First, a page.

63.       Government of the Republic of Uzbekistan. Law on Education, enacted 1997. http://www.lex.uz/pages/GetAct.aspx?lact_id=15622.

64.       U.S. Embassy- Tashkent. reporting, January 31, 2013.

65.       U.S. Embassy- Tashkent. reporting, February 15, 2013.

66.       Ministry of Foreign Affairs of the Republic of Uzbekistan official. Written communication to U.S. Department of State official. February 17, 2014.

67.       U.S. Embassy- Tashkent. reporting, January 15, 2015.

68.       Government of the Republic of Uzbekistan. Information on anti-TIP efforts carried out in Uzbekistan in 2014. 2015.

69.       U.S. Embassy- Tashkent. reporting, March 2, 2016.

70.       Government of Uzbekistan. Response to TIP Questionnaire; 2016.

71.       ILO. Support for the Implementation of the Decent Work Country Program in Uzbekistan. Technical Progress Report. Geneva; October 2015.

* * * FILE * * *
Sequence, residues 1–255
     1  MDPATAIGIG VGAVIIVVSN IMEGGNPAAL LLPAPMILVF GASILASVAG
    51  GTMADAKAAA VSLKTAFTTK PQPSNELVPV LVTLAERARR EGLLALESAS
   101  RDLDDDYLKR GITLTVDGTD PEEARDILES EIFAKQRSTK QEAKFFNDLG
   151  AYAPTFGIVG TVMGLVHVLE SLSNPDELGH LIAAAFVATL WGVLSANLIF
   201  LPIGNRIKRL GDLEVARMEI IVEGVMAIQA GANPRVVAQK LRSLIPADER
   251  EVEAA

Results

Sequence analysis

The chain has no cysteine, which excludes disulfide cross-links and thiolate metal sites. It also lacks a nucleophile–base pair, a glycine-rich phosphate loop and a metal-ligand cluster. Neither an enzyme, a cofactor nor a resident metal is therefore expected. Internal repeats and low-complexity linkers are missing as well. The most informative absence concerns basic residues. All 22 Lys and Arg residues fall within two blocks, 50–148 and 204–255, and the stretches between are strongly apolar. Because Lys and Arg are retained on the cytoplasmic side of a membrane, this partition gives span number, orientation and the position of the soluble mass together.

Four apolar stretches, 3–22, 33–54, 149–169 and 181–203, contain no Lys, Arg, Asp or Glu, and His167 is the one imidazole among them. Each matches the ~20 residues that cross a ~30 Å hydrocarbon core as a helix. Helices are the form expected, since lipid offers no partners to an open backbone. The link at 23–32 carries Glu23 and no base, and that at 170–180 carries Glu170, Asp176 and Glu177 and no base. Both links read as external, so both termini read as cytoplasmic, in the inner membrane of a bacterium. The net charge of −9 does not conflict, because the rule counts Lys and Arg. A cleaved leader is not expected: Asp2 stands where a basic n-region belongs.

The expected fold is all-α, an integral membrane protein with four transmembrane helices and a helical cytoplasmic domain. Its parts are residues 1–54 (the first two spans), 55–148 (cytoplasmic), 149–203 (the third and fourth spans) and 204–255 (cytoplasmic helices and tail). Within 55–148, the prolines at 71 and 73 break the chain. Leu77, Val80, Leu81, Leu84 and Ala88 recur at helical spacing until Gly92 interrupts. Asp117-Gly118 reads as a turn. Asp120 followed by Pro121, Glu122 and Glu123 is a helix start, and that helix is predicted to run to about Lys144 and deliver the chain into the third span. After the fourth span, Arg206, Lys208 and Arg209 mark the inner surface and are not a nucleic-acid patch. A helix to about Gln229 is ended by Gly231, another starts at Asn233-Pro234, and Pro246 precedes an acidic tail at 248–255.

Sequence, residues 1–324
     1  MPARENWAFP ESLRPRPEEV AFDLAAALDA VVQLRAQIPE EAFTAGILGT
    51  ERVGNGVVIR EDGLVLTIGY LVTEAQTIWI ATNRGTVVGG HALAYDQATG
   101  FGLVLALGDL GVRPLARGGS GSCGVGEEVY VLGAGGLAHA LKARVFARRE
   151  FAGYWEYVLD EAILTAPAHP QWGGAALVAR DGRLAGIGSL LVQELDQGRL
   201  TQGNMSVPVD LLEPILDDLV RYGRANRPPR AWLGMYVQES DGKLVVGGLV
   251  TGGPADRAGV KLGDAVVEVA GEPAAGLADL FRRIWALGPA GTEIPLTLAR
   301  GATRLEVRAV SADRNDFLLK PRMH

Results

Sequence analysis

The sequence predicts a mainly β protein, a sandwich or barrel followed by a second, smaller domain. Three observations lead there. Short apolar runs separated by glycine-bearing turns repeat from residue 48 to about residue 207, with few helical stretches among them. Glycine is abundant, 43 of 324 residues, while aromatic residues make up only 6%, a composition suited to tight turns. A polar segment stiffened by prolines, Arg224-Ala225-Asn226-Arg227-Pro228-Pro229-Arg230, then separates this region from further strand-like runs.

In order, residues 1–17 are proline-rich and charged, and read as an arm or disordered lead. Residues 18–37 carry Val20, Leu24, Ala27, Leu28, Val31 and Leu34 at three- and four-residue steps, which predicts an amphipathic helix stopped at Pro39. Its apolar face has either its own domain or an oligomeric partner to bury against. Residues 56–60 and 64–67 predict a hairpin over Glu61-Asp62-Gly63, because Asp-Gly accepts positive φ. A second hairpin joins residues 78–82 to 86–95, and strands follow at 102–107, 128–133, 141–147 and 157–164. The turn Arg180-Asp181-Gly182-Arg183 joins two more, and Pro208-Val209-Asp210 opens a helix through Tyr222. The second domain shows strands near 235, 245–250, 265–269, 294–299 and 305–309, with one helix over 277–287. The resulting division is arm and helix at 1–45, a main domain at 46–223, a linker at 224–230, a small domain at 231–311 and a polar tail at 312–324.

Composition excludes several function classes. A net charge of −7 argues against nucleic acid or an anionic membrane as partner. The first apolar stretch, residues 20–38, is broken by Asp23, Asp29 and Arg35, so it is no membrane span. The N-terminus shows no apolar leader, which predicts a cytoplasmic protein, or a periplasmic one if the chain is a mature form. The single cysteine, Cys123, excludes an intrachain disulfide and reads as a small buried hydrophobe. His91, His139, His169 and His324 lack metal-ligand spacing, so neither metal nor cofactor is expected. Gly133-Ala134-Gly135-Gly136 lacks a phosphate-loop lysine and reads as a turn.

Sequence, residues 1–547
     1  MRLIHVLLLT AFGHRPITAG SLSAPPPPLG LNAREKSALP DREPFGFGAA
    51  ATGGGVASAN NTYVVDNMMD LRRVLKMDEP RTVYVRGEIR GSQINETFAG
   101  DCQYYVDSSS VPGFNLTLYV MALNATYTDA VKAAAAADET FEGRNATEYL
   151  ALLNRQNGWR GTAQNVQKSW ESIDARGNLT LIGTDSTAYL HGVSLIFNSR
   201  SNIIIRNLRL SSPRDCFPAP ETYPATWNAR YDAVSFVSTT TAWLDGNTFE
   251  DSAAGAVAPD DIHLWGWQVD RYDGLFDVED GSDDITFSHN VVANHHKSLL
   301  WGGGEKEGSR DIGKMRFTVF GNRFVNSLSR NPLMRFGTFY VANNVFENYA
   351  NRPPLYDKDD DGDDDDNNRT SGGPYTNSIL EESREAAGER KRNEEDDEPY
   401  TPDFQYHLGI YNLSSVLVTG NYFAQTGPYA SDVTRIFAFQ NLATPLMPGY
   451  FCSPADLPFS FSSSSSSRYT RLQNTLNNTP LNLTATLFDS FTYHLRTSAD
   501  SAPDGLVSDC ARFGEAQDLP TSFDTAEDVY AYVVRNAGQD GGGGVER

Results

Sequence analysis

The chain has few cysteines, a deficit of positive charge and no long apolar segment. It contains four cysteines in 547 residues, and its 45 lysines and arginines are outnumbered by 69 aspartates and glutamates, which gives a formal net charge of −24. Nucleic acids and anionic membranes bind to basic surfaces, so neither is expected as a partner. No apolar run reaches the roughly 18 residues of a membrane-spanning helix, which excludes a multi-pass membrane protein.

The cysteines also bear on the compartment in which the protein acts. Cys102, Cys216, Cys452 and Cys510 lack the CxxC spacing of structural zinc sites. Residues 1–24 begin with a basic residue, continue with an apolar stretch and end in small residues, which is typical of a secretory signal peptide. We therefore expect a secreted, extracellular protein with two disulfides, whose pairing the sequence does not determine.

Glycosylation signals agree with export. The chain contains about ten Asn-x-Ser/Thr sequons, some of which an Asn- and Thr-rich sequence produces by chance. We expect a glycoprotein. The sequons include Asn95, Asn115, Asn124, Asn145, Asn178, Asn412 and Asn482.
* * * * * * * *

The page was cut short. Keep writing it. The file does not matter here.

72.       Coordination Council on Child Labor Issues. "Information on processing of appeals received under the Feedback Mechanism at the Coordination Council on Child Labor " (2016);

73.       Coordination Council on Child Labor Issues. "Summary of activity results of the Feedback Mechanism at the Coordination Council on child labor in the Republic of Uzbekistan " (2016);

74.       CIA. The World Factbook, [online] [cited March 18, 2016]; https://www.cia.gov/library/publications/the-world-factbook/fields/2095.html#131. Data provided is the most recent estimate of the country’s total labor force. This number is used to calculate a “sufficient number” of labor inspectors based on the country’s level of development as determined by the UN.